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Attempting to Ensure Late Season Success


Attempting to Ensure Late Season Success

Q. Kristen in Springfield Delaware County ("just outside of Philadelphia") writes: "Is it too late to plant asparagus? I'm making a new raised bed 12 inches deep, two feet wide and 16 feet long. And can I interplant strawberries in the bed? I've been reading conflicting information: some sources say to plant nothing else with asparagus and others say to just plant the asparagus deeper and the strawberries shallower.

"If it is too late to plant asparagus and/or strawberries this year, is there anything you would recommend planting now so the bed doesn't lay fallow? I also read not to plant any tomatoes, zucchini or cucumbers in a bed that will later contain asparagus. Is that right? Thanks for your help!"

A. I think you'll find that the asparagus decision has already been made for you. Many traditional sources of live plants and seeds whose inventory often lasts into July were sold out months ago, so it's unlikely that you'll find asparagus crowns for sale this season. The novel Corona virus we are all fighting has created a huge generation of new gardeners, whether out of boredom, fear of food shortages or boredom.

Or boredom.

Anyway, you'll probably have to wait until next season to purchase the plants that will eventually give you an annual harvest of that peculiar Spring perennial that makes your pee smell weirdly funny. And that is a good thing, because it gives you time to think about varieties.

Many people wish to activate the Wayback machine and grow one of the original open-pollinated heirloom strains of asparagus like Martha Washington, which requires extra work in removal of the berries that form.

It is much advised, especially for beginners, to grow one of the more modern hybrid varieties, the names of almost all of which begin with the word "Jersey", like Jersey Knight. (That's right Kats and kittens; we may never know which variety is the original "Jersey tomato", but The Garden State has a virtual lock on asparagus.)

Anywho, you would not be remiss to review your options, choose a variety and place an early reserve on an appropriate number of crowns for NEXT Spring. Spring is pretty much the only time the crowns are available; and the plants need time to settle in, grow over the summer and absorb solar energy for edible spears to appear in the following seasons.

And be aware that asparagus is like a fruit tree; you need patience and an understanding that the first couple of years come with training wheels. You can taste a single spear or two of your pee-grass the first year, and harvest a FEW spears in year two, but you have to wait until year three to pluck away with relative abandon.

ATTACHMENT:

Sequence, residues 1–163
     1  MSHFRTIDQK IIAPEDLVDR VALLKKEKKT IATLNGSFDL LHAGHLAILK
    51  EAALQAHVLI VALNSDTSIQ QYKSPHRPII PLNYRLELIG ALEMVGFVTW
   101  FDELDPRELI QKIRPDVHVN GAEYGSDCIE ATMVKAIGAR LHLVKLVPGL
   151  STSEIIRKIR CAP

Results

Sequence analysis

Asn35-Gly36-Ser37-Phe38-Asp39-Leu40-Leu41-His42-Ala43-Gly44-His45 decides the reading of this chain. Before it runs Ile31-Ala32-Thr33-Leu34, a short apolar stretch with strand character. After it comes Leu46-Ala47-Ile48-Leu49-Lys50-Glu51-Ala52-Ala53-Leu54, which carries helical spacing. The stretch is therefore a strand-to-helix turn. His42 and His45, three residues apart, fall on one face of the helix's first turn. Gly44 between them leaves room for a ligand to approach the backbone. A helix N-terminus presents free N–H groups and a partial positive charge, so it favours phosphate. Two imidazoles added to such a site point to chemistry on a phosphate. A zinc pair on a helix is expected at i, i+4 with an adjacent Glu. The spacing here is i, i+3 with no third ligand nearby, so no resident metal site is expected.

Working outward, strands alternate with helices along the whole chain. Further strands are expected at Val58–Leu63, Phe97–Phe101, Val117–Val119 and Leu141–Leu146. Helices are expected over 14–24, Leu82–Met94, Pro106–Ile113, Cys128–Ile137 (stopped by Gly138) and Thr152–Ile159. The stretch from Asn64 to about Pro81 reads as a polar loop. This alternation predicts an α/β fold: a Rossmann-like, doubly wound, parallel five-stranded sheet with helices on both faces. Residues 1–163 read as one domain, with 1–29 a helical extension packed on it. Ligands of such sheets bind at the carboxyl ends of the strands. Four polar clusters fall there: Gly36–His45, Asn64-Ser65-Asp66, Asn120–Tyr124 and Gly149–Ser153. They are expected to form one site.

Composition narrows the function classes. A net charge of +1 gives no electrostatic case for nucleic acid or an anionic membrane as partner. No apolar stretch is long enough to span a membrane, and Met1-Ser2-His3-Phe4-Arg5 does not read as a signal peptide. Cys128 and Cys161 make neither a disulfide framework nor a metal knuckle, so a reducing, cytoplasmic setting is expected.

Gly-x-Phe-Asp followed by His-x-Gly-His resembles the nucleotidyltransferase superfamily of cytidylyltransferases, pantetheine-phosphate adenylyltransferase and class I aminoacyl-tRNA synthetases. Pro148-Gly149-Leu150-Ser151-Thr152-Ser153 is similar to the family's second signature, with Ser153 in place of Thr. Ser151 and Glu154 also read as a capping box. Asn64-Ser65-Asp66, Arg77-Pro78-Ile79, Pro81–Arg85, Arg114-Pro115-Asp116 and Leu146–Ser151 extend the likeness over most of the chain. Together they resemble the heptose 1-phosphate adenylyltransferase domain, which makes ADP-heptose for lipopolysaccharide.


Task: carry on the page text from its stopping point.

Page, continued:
Note: "Crowns" are what we call the octopus garden type roots. You bury them in super-rich soil in the Spring (here's where you can safely use a lot of that composted horse manure you always call in about, true believers!), and then you wait. In Year Three and after, harvest the new young spears by snapping them off at the soil line. Stop harvesting when the new spears that appear are thinner than a pencil. (If you don't know from a pencil, ask your grandparents.)

The biggest enemy of a perennial asparagus bed is weeds, so a correctly prepared brand-new raised bed should be perfect to get them off to a good start. And what about the strawberries? I went online and, just like you, read all sorts of theories about interplanting the bed with other crops. I suspect the authors are apartment dwellers who can't keep a houseplant alive. As Mick Jagger famously sang, "you gotta walk before you can run"; and as he told me backstage at The Spectrum in 1975, "Diversify your financial portfolio".

I digress. I have got to start getting out more!

Anyway, grow your asparagus alone.

As to the crops of summer you reference, you HAVE to stop randomly stalking the Internet for information. You can plant them--although their availability is also going to be dicey.

That said, there is still plenty of time to plant and harvest tomatoes, peppers, cukes and zucchini, but there are two requirements:

1) You must purchase LARGE plants; ones that were started at the same time as all the others at the garden center or online store, but that have been progressively moved up into bigger containers. We're not talking six-packs here; we're talking about plants in medium to large size individual containers. And as the days get warmer, be sure to plant in the evening as opposed to the morning to give the plants time to get over any transplant shock.

2) You have to FIND these plants in a season where there has been an unprecedented run on food crops. So be diligent. Call or email every independent garden center near you. Reach out to local small-scale farms, and if all else fails, turn to big box stores or franchises. Believe it or not, a few of my pepper plants this season came from a surprise find at a local Ace hardware store (next to the only supermarket near me that was selling decent red wine). Yes, the plants were infested with aphids, but I used sharp sprays of water and they look fine now.

And if possible, stock up now on seeds for fall crops like spinach and lettuce. We can't grow toilet paper, but we sure as Hades can grow food.

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